Anatomy of a Chrome Extension

Chrome extensions are life.

My life, at least. I use them for everything from ad blocking, to time management, language learning, development, saving articles, and countless other things.

Although I’ve used many, I never thought about building one. That is, until last week. I read an article by Mackenzie Higa about how to make one and realized how easy it can be. I then built an extension that allows me add songs to my Spotify.

To use the extension, first I select any piece of text on the page I’m on, that represents the song or artist I want to look up. Then, I right click and select ‘Add to Spotify’, and an iframe opens with the search based on whatever text I highlighted. I can then select a song from the results and add it to any of my playlists directly.

While making this, I learned a lot about how extensions are structured, and so today I’d like to share a brief overview of just that.

Most chrome extensions have 4 main parts, to it, and in this article I’l go over what they are, and how they work together, with my extension as an example.

1. The Manifest

This json file is the blueprint of the extension. It defines the architecture of your app, the resources that it uses, the permissions that it needs, as well as other important details such as the name, description and version number.

2. The Background

The background page is a page that is always active when the browser is running. It‘s main purpose is to control the behavior of the extension. There is also what are called event pages, which work the same way, but are only run when triggered by certain events. Unless you absolutely need your background script to be running at all times, an event page might be the better way to go.

In my case, instead of an html page with a script, my background is simply a javascript file. It’s the control center of my extension, through which the content script and the iframe communicate with each other with messages, and it’s also in charge of saving and retrieving user’s Spotify account data, so that they only have to log in once.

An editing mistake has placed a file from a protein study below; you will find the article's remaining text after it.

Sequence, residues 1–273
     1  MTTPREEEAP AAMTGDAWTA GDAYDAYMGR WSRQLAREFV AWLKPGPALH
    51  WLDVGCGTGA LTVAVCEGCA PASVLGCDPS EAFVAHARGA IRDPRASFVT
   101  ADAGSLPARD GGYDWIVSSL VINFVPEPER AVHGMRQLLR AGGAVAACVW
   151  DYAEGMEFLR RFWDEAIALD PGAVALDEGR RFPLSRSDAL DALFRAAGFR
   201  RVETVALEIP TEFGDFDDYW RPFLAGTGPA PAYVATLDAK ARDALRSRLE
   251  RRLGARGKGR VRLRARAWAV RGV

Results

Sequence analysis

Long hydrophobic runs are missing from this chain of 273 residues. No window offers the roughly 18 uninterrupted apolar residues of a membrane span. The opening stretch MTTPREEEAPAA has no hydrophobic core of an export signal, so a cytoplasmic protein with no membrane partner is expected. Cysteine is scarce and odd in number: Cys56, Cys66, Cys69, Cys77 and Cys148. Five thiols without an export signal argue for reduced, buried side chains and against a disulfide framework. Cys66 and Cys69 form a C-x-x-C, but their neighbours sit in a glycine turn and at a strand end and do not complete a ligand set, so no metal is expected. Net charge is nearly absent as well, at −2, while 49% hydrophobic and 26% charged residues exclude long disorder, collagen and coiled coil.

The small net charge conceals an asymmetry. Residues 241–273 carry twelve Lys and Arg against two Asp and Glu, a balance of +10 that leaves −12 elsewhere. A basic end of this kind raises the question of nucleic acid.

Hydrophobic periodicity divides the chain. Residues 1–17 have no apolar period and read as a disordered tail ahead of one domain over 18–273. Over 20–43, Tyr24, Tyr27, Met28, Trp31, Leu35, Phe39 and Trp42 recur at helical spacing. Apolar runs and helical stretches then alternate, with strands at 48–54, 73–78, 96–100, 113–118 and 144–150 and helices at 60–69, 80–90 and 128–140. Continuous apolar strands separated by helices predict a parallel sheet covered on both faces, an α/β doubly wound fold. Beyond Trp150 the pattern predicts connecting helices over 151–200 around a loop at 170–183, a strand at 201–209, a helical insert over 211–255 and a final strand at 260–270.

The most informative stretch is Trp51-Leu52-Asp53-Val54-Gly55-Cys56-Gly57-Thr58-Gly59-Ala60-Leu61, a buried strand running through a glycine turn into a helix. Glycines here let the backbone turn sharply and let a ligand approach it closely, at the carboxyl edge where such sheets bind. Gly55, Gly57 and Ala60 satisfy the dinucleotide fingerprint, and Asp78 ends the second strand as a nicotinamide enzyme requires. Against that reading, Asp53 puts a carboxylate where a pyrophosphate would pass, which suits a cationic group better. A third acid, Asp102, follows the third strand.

3. The Pop Up

This is the easiest part of the extension to set up and understand. It’s nothing more than an html page. Most extensions interact with web pages, and for the popup to do so, it needs to send code to be executed via the chrome.tabs.executeScript() method. For example, you could send a script to change the background color of the page you’re on to whatever color you click from a dropdown menu in the popup. However, on it’s own, the popup can’t actually read the DOM from your main window. To do that, you need a content script.

3. The Content Script

This is the part of the extension that will be executed in the web page loaded in your browser. It has full access to the DOM, just as if it were part of that page. This means, however, that it does not have access to the extension’s other scripts and pages. To have them communicate, you and send messages using chrome.runtime.SendMessage, with corresponding listeners in the background script.

In the case of Add-to-Spotify, the content script opens and closes the iframe, and it keeps track of the text selected, so that it can appear in the search query.

Try it yourself!

The Chrome Developer site has much more detailed explanations, as well as some tutorials and examples you can play around with in order easily understand what’s going on, so I highly recommend you try it out.

Also, if you have a Spotify Premium Account, then try my extension and let me know what you think :)

Thanks for reading!